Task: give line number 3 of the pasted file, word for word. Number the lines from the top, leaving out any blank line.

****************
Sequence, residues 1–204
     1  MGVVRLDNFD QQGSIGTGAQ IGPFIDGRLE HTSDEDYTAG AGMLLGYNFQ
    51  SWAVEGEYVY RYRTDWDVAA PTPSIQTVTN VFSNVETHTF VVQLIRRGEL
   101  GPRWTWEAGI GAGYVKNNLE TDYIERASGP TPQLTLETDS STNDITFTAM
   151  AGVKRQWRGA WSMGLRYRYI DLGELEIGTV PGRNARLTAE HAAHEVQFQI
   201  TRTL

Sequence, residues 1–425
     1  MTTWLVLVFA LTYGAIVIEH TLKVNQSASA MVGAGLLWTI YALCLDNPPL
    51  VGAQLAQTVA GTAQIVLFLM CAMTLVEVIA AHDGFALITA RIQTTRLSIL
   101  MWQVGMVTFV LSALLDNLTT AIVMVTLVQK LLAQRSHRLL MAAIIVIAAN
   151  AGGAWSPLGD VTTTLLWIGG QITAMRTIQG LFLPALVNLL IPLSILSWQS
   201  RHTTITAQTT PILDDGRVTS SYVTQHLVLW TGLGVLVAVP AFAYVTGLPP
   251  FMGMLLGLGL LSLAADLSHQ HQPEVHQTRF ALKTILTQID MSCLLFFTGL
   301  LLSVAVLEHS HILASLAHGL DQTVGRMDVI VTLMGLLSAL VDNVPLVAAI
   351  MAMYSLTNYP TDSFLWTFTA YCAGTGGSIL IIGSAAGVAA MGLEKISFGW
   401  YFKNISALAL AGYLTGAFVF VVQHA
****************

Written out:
    51  SWAVEGEYVY RYRTDWDVAA PTPSIQTVTN VFSNVETHTF VVQLIRRGEL